This piece by Matthew Cooper of Time purports to take us “inside” President Bush’s “compromise” on immigration. But what the reader actually gets is an inside look at Cooper’s superficial and confused thinking.
Cooper views Bush’s speech as an “attempt to “thread the needle” — that is, to appease conservatives and at the same time appear to be a reasonable centrist. Perhaps. But it’s more likely that the speech was an attempt to advocate what Bush considers the best solution to the problem of illegal immigration. Indeed, it’s difficult for me to believe that Bush and his aides thought that this speech would appease most hard core conservatives.
Cooper, however, seems to have been appeased. He finds Bush’s “new found moderation” to be “noble,” and claims that it hearkens back to the moderate Bush of 2000 and 2001. If only Bush had remained in the middle, Cooper seems to lament, the country would be less polarized and more receptive to Bush’s immigration proposal.
In reality, Bush has been a moderate on domestic issues throughout his presidency, a point that Cooper inadvertently supports when he compares Bush’s immigration compromise to his push in 2004 for the new prescription drug benefit. In any case, if the attempt at moderation embodied in Bush’s immigration proposal is a no-hoper, that’s because of well-founded doubts that it will stem the flow of illegals, not because Bush has polarized the country.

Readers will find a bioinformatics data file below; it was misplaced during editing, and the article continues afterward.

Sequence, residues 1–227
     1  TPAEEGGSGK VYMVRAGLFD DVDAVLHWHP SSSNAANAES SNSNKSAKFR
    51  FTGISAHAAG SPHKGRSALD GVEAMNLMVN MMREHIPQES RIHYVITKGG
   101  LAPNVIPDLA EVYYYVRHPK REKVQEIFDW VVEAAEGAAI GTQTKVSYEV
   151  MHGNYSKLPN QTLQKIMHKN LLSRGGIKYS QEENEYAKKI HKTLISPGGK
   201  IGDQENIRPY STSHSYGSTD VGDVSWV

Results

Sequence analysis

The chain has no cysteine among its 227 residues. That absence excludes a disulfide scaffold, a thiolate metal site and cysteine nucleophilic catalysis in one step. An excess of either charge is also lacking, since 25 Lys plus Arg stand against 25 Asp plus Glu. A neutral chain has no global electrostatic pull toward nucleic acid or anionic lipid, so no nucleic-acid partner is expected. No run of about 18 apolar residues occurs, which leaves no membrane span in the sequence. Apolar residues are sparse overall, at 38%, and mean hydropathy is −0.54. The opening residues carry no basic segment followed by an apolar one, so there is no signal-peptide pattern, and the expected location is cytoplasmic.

Cooper also quotes Power Line, specifically John’s statement that the president “had his chance and he blew it.” Unfortunately, Cooper cites this quote in support of his claim that conservative blogs reacted to Bush’s speech by going “nuts.” If that’s going nuts, I wonder what Cooper thinks when he reads left-wing blogs.